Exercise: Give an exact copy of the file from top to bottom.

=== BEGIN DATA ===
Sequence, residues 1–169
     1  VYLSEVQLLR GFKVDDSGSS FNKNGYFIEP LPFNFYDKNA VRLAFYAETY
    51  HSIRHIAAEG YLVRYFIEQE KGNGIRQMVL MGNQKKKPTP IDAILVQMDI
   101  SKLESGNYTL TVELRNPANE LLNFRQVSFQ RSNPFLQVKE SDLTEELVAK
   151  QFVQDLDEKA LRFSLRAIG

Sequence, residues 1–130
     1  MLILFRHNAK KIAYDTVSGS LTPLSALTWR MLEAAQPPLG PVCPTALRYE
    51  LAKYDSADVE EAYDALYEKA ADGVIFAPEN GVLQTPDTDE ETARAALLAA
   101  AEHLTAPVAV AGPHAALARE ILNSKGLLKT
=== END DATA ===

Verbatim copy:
Sequence, residues 1–169
     1  VYLSEVQLLR GFKVDDSGSS FNKNGYFIEP LPFNFYDKNA VRLAFYAETY
    51  HSIRHIAAEG YLVRYFIEQE KGNGIRQMVL MGNQKKKPTP IDAILVQMDI
   101  SKLESGNYTL TVELRNPANE LLNFRQVSFQ RSNPFLQVKE SDLTEELVAK
   151  QFVQDLDEKA LRFSLRAIG

Sequence, residues 1–130
     1  MLILFRHNAK KIAYDTVSGS LTPLSALTWR MLEAAQPPLG PVCPTALRYE
    51  LAKYDSADVE EAYDALYEKA ADGVIFAPEN GVLQTPDTDE ETARAALLAA
   101  AEHLTAPVAV AGPHAALARE ILNSKGLLKT